Chinese MBAs are in the money, but are they in the frame?

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Forget US business schools, a new study suggests MBAs from China see the biggest boost to their earnings once the course has finished.

The Financial Times' 2008 MBA report found that alumni from Shanghai's Jiao Tong University and Beijing's China Europe International Business School (CEIBS) land the biggest salary increases upon graduation - 177% and 157% respectively.

By comparison, graduates from a big name like the University of Pennsylvania's Wharton School came in at 132%, while Columbia Business School was on 144%, London Business School 126% and Harvard 119%.

Morgan Stanley, UBS and Barclays have all recently snapped up CEIBS graduates, points out the director of the school's career development centre, Clara Tan.

"In recent years, CEIBS has seen a clear increase in the percentage of our MBA graduates who take positions in the financial services sector. The sector attracted 23.4% of MBA alumni in CEIBS' most recent graduating class, up from just 10.7% hired into financial services in 2004," she says.

The China International Capital Corporation is also a regular recruiter, she adds.

MBAs and other postgraduates make up about 20% of UBS's hiring in the region and will commonly go into investment banking, fixed income currencies and commodities and equities, says Matthew Henderson, the bank's head of campus recruiting in Hong Kong.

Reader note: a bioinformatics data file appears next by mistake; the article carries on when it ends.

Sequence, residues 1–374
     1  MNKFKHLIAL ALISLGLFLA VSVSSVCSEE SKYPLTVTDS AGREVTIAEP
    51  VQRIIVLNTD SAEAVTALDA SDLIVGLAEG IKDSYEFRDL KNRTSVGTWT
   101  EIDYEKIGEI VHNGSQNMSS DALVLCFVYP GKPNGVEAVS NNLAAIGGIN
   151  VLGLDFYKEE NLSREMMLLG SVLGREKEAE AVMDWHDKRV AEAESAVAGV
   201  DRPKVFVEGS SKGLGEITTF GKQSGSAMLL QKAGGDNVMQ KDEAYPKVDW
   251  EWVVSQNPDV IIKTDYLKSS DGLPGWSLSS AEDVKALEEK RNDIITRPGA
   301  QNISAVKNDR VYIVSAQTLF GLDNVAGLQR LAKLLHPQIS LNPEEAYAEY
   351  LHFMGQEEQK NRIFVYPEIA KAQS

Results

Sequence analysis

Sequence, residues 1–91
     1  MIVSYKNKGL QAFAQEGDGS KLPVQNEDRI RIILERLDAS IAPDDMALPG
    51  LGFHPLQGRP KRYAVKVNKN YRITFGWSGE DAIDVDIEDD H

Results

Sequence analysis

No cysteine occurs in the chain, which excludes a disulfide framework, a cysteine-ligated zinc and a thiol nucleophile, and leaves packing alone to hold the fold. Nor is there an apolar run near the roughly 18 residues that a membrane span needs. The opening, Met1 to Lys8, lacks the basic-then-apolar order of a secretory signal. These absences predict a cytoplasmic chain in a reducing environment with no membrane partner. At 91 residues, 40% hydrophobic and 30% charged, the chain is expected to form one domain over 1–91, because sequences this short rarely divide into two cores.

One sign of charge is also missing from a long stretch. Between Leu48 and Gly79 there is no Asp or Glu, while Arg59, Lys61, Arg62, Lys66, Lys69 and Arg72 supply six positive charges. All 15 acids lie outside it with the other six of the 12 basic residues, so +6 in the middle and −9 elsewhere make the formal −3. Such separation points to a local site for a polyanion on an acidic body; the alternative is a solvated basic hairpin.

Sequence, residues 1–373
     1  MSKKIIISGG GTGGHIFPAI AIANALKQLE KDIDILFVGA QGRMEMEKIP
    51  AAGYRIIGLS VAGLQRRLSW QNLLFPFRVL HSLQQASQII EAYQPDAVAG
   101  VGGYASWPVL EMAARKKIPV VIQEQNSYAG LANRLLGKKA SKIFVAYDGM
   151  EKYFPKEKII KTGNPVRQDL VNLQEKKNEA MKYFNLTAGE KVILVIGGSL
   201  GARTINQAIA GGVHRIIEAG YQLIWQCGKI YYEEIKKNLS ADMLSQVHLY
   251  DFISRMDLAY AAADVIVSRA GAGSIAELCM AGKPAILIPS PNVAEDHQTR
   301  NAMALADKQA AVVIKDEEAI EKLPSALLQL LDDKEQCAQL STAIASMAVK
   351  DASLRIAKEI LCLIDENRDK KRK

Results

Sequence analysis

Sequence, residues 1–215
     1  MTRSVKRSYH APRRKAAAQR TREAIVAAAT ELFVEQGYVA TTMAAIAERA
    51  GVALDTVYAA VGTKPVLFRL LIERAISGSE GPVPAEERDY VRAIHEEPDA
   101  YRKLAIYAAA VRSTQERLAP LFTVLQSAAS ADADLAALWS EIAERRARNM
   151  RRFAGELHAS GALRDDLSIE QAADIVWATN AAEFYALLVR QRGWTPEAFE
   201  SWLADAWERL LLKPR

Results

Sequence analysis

But while he concedes Asia Pacific business schools are coming more into frame and that UBS, like many, is strengthening links with schools such as CEIBS, having an MBA from a well-regarded US school under your belt still speaks volumes.

"We seek to attract talent from all over the globe, regardless of individual university or business school," he explains.

"That said, historically the US has been a strong source of talent for the Asia Pacific region, both for undergraduate and MBA students, and this trend looks set to continue," he adds.

Gary Lai Wai Keat, head of front office recruitment at recruiter Robert Walters, agrees that an MBA from Wharton, Columbia or Harvard will still probably open more doors than one from a local business school, however well regarded.

"The banks still very much look at the branded schools, so [that means] in America schools such as Wharton or, if you are coming from India, places such as its Institute of Management (IM)," he says.

But he adds: "If you come from a very, very good Asian school then the banks will probably still take a look."

An MBA from Beijing's Tsinghua University or Peking University would probably be looked on positively, as would one from Shanghai's Fudan University School of Management, he argues.

Similarly, India's IM has strong links with Singapore, while Melbourne Business School's MBA programme is also well regarded.

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